Another distinction among the leading universities of this country depends on the proportion which the work they do for undergraduates bears to the work they do for young men who already hold a bachelor's degree. The graduate schools in Arts and Sciences are increasing rapidly in number and in size; but the number of universities which require a bachelor's degree for admission to their other professional schools is still very small. Here again a sound experiment is in progress under fair conditions, and in ten years more it may be possible for judicious observers to determine what the interest of the universities is in this matter, and what the interest of the community. At any rate, it is certain that preparation for the professions is growing more and more elaborate, and that the influence of the professions steadily increases.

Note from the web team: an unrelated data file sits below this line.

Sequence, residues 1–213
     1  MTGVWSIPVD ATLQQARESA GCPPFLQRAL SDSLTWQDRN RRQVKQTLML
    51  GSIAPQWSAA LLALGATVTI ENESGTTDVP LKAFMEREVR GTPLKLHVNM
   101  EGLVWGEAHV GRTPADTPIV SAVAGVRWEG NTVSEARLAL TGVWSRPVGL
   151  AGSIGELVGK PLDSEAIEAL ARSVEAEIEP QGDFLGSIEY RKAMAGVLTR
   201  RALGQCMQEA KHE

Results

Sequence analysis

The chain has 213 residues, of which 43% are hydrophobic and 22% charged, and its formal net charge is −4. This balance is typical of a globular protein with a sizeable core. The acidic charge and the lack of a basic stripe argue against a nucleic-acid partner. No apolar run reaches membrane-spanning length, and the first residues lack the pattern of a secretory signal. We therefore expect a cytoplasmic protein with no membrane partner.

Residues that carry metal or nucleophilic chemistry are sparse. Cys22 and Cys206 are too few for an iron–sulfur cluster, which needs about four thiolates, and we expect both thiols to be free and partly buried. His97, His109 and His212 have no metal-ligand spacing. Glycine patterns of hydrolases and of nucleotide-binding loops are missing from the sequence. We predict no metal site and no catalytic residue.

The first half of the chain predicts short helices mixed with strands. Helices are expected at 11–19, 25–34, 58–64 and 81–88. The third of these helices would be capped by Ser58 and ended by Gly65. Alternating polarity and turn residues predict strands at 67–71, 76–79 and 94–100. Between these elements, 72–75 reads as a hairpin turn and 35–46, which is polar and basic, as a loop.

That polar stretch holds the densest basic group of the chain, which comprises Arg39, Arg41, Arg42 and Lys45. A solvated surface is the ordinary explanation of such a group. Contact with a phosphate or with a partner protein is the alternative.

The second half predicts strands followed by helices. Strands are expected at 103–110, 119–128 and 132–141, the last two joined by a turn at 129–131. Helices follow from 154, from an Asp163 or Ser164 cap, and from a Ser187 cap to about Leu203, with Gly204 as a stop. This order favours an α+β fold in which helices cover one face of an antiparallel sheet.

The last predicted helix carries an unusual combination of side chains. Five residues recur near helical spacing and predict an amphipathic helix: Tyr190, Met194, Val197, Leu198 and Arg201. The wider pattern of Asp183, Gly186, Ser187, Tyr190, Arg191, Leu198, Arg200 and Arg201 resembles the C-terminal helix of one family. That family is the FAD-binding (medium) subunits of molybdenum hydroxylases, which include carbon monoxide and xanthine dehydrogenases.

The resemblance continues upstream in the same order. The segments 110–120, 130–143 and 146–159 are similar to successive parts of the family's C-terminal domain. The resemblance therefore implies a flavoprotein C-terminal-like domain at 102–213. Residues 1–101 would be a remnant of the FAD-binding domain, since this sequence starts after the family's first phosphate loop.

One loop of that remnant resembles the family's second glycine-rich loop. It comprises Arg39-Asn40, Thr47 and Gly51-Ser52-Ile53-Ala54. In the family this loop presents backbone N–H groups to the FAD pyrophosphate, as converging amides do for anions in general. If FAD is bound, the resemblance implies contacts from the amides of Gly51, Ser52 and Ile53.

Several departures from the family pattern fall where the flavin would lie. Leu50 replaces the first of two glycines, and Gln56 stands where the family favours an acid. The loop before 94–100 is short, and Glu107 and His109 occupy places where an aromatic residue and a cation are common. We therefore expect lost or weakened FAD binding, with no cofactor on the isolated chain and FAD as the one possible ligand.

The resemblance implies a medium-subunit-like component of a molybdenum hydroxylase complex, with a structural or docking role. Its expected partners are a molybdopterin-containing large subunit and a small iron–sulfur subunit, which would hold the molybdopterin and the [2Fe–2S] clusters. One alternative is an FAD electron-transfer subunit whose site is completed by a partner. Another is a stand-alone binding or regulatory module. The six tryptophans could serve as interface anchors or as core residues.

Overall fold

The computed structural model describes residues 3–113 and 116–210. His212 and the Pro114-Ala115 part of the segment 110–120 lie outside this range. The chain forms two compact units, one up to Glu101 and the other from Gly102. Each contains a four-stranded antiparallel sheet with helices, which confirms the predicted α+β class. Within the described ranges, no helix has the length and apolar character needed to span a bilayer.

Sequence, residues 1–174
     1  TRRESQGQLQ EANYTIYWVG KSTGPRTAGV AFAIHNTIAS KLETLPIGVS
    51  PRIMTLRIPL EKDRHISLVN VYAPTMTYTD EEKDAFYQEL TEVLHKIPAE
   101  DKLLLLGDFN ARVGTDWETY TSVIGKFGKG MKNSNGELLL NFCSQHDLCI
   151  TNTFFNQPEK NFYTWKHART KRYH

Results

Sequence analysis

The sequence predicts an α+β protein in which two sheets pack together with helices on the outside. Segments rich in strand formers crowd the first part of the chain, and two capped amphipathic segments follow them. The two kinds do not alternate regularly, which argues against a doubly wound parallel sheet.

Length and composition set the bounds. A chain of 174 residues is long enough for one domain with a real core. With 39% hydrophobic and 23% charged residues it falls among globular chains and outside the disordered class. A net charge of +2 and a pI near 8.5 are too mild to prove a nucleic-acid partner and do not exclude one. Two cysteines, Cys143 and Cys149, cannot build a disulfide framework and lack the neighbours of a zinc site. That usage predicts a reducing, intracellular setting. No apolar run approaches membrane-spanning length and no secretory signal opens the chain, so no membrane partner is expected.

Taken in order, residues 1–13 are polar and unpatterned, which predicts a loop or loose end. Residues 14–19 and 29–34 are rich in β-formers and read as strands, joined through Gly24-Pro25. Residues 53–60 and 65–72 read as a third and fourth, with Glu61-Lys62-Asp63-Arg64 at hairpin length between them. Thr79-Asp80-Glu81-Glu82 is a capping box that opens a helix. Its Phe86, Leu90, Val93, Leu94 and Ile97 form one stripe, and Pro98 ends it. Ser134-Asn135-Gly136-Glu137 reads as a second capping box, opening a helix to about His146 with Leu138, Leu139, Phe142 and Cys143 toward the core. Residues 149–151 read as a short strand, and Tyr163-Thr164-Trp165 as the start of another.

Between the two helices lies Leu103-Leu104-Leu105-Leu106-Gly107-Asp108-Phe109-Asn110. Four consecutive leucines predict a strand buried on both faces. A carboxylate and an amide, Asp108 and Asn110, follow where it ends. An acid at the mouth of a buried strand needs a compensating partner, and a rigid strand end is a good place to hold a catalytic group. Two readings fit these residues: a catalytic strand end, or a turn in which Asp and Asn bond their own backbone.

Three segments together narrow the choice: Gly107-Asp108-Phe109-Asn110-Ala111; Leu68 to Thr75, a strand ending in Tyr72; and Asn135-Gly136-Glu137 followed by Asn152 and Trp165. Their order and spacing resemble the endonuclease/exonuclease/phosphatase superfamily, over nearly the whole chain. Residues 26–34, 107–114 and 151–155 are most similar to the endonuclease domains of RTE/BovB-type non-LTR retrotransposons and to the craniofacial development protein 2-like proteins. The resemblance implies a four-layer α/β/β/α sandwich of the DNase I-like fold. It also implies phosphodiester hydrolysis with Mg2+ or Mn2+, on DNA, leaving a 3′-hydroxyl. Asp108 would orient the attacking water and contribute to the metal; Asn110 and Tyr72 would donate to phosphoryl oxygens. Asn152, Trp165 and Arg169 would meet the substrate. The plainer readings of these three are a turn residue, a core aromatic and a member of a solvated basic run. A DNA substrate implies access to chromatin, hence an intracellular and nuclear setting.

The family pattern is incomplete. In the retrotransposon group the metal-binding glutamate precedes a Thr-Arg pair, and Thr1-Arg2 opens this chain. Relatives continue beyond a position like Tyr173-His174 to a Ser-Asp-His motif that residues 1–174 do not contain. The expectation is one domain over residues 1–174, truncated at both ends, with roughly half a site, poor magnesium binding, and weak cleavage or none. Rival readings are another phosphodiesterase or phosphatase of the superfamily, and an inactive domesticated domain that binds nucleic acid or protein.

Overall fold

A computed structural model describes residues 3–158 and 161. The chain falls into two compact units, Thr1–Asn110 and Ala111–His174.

“There is an important difference in the organization and management of the American institutions of higher education which has not attracted much public attention, but which really affects strongly the present management of these institutions and their future prospects. In many of the institutions, particularly the older and stronger ones, the president of the college or university is a member of the governing board, or boards, with the full powers of a member. In others, the board of trustees or regents elects its own chairman; and the president of the university, tho invited to attend the meetings of the board, is not a member thereof, much less its head. The position of the president who is a member of the governing boards is, of course, stronger than that of a president who is not, provided that his personal quality and his experience are such as to give him influence with the boards. A board of trustees which invites the presence of the president who is not a member by right is inclined to look on the president as one of its numerous employees, with whose service they can dispense, if they like, as they would with the services of a professor, instructor, or secretary. Such a relation to the governing board impairs the dignity and stability of a presidency, and therefore the influence of the incumbent. This is not a local or sectional difference in American universities. Some of the newer endowed institutions in the East have a president who is not a